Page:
Argentine ants originated in South America. They are listed by the World
Conservation Union as one of the world’s 100 worst invasive species.
They were first discovered in NZ, in Auckland in 1990. Since then they
have spread to a number of places around New Zealand, from Canterbury to
Northland. In areas where the area of infestation is considered small
enough, a coordinated approach to their control is undertaken as is the
case on Great Barrier Island.
An argentine worker ant
Argentine ants were identified in Tryphena 5 years ago after a call to
DOC from a resident concerned about the number of ants in her garden and
their aggressive behavior. After surveillance Auckland Council (then
ARC) and DOC decided to undertake a coordinated control plan with an
objective to eradicate Argentine ants from the Barrier. This program has
been ongoing. Auckland Council has taken the lead role in this project
because the majority of the infested area is private land. DOC has taken
a strong support role because of the risk Argentine ants present to
biodiversity values and because if left untreated they could inhabit
most of the island.
From the survey work undertaken in the first year ants were found, they
were identified, and assumed to be confined to, the Mulberry Grove area
of Tryphena, Ocean View Road in Claris, and the southern end of
Sandhills Road in Medlands. Additionally, several smaller sites were
also found including at Puriri Bay transfer station, Barrier Building
ITM, a garden rubbish dumping site on the Sugar Loaf hill, and a
property on Mohunga Peninsula.
What is the problem?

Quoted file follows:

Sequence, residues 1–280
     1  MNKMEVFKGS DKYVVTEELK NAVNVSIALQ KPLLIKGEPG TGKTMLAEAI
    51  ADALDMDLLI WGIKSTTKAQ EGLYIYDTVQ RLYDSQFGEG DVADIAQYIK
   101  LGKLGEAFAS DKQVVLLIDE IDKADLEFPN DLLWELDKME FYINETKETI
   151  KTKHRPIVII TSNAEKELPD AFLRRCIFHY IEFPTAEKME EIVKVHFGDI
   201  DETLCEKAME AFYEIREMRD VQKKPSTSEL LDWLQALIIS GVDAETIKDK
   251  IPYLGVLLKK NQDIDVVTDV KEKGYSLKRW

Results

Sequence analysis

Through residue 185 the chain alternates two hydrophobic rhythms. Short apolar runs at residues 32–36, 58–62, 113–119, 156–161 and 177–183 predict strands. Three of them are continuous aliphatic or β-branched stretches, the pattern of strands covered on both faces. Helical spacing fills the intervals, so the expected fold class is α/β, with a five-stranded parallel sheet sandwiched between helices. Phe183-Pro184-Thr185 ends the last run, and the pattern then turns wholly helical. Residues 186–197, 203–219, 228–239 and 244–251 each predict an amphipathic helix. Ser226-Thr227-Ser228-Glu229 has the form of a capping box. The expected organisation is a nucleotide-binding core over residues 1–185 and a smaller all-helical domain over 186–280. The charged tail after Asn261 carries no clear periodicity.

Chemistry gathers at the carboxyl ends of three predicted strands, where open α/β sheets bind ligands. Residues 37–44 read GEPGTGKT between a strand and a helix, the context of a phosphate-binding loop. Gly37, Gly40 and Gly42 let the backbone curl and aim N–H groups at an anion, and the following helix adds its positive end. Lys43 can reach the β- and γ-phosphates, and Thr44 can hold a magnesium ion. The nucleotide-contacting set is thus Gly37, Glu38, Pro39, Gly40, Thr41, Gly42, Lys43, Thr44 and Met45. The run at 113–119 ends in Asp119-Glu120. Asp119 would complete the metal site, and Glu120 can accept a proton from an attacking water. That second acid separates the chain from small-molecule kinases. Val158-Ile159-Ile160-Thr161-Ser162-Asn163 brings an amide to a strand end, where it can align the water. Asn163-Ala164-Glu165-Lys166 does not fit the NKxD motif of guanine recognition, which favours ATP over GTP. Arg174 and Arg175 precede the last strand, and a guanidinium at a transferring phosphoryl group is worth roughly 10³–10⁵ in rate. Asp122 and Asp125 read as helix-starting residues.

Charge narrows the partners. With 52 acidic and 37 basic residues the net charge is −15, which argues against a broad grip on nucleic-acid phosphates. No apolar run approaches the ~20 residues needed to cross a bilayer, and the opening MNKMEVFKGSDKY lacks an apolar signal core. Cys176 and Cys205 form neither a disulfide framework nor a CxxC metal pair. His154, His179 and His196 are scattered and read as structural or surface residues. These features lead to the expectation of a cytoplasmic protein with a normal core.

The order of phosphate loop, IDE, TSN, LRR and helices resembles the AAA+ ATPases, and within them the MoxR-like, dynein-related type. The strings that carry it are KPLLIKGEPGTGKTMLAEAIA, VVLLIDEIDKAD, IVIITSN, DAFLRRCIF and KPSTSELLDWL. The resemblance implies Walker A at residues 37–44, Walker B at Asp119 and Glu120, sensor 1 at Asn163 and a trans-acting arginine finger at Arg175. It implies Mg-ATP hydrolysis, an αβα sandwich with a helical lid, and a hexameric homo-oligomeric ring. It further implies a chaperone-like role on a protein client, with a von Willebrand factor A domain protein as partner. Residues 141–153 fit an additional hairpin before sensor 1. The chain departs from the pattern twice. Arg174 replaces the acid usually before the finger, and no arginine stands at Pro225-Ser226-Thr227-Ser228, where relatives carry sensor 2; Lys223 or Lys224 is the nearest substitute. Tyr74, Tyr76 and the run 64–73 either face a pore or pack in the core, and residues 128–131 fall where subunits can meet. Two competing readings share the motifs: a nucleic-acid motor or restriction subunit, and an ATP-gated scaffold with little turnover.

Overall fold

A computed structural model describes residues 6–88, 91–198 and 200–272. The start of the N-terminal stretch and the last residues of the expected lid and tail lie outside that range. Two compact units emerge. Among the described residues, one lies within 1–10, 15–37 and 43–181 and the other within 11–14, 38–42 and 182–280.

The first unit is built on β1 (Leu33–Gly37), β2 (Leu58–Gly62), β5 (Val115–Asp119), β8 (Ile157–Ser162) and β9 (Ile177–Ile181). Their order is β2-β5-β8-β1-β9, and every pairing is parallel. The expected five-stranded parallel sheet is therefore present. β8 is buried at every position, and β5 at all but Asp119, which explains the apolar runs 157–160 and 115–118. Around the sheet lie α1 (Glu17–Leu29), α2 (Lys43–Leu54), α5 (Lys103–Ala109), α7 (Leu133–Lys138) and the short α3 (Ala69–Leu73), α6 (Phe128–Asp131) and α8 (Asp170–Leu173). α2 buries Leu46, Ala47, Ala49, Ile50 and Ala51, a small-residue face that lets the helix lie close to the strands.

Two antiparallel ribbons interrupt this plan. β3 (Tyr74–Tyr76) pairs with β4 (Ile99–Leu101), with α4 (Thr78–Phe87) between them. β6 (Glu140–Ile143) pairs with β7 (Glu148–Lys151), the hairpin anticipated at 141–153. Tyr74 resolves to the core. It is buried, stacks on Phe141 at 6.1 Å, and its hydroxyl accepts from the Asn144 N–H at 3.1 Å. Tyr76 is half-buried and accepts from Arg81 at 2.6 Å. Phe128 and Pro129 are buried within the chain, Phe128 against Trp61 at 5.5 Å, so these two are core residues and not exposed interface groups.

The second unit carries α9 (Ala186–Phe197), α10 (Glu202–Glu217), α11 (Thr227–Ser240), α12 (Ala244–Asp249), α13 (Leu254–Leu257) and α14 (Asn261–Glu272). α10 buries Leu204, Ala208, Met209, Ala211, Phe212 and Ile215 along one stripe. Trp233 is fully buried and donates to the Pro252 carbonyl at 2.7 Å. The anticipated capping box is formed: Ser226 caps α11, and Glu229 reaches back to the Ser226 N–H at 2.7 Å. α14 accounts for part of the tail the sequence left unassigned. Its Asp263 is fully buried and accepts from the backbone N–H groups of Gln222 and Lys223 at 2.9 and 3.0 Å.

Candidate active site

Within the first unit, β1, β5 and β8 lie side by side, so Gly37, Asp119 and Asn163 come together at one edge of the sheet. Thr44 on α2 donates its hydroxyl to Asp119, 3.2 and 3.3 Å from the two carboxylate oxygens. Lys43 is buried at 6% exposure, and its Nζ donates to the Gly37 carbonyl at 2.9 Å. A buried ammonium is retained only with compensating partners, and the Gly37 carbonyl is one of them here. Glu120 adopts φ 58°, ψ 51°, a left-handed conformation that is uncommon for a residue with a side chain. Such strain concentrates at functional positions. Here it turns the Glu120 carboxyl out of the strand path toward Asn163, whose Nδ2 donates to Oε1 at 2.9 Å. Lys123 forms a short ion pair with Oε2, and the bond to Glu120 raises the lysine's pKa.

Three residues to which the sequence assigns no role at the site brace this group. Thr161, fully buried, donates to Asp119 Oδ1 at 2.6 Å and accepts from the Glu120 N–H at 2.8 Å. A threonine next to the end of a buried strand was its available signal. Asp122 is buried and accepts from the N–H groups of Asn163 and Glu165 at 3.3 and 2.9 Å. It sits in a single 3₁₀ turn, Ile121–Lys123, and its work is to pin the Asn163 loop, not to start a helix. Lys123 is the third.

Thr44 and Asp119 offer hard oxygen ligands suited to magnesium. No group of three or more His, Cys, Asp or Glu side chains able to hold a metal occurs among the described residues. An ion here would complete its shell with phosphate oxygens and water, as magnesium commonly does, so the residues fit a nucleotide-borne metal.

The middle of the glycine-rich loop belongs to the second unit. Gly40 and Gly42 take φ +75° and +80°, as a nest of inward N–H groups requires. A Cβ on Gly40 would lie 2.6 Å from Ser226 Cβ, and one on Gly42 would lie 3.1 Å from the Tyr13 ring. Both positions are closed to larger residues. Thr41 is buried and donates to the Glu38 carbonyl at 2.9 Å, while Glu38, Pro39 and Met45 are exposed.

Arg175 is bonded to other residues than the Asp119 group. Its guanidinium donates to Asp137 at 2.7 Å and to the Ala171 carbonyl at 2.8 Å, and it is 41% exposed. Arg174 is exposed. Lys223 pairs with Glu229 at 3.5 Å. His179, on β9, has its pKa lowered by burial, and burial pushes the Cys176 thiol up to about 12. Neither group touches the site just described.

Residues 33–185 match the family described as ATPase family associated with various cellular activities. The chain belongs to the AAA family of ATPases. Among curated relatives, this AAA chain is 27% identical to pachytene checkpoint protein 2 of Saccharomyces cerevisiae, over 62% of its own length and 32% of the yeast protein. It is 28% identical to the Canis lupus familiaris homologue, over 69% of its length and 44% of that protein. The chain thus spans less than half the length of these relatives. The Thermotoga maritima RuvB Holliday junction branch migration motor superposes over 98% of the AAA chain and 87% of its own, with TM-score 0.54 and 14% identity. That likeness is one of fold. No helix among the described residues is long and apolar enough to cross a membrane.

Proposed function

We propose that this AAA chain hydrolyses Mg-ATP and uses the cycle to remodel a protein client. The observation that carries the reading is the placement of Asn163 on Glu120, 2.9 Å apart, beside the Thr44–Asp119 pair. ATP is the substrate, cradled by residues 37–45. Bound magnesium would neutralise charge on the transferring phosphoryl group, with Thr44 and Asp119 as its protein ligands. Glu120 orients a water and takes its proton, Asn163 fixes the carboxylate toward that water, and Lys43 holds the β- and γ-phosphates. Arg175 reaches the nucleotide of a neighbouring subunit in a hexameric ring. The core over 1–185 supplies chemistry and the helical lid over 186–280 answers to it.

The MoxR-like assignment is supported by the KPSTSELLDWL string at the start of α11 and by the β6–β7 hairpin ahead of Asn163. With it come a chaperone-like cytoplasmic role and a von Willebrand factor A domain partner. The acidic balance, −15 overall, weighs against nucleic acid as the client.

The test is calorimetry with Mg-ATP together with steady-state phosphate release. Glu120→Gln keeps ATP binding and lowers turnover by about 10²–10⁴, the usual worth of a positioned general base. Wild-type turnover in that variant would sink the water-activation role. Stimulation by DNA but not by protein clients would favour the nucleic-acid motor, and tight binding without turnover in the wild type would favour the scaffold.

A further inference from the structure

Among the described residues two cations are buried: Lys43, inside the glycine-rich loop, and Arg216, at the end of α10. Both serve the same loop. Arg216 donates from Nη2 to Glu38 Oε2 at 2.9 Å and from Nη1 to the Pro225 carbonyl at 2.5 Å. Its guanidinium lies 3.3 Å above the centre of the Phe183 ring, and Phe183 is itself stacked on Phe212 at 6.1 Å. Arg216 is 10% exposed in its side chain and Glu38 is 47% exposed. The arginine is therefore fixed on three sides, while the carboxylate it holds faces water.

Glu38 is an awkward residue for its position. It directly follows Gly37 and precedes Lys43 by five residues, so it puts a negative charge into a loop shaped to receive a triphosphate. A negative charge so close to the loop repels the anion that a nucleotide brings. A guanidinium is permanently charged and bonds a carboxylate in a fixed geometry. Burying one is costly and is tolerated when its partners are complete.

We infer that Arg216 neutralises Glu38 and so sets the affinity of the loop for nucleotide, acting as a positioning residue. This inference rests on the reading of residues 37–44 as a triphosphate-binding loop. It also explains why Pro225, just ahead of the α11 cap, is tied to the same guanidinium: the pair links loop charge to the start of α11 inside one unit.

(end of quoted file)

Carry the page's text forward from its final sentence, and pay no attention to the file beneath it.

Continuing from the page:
So what is all the fuss about these little brown manuka honey colored
ants? First of all, unlike other ant species these guys co-operate
between nests creating super colonies of millions of ants. While one ant
is relatively harmless, other than being able to give a little bite, in
numbers they have a huge combined appetite and nuisance factor.
Argentine ants are most often associated with human habitation.
Untreated, they may spread to all parts of the island where people live.
Residents from infected areas have told horror stories about when ant
numbers were at their highest - towels hanging in bathrooms being
covered with ants, of ants swarming over them in their beds at night.
Evidently in Auckland, people will place their BBQ legs in buckets of
water to prevent the ants swarming up their BBQ and onto the food. They
have been known to make their way into refrigerators, microwaves and
screw top jars.
In the garden, Argentine ants interfere with pollination, feed on crops
and flowers and will transfer aphids from one plant to another to farm
them for their honeydew. In terms of biodiversity these critters will
out compete other ants and other invertebrates – good and bad. They are a
nuisance to nesting birds and have been known to kill chicks as they
emerge from their eggs as well as annoying them so much that they leave
their nests. Argentine ants are most aggressive in warm sunny climates
and over the summer months. They tend to go to ground over winter and
are not so obvious.
What has been happening?
Early in 2006 after survey work had been undertaken, treatment of the
infestation sites was undertaken by volunteers led by an ARC-DOC
contractor – Des Casey.
At the end of 2006, i.e. the beginning of the next ‘summer treatment
season’, monitoring of the infestation sites was undertaken to determine
the effectiveness of the operation. Argentine ant numbers were found to
be markedly reduced in the infested areas but still scattered throughout
Since 2006, monitoring has been undertaken each year by local company ‘Envirokiwi’,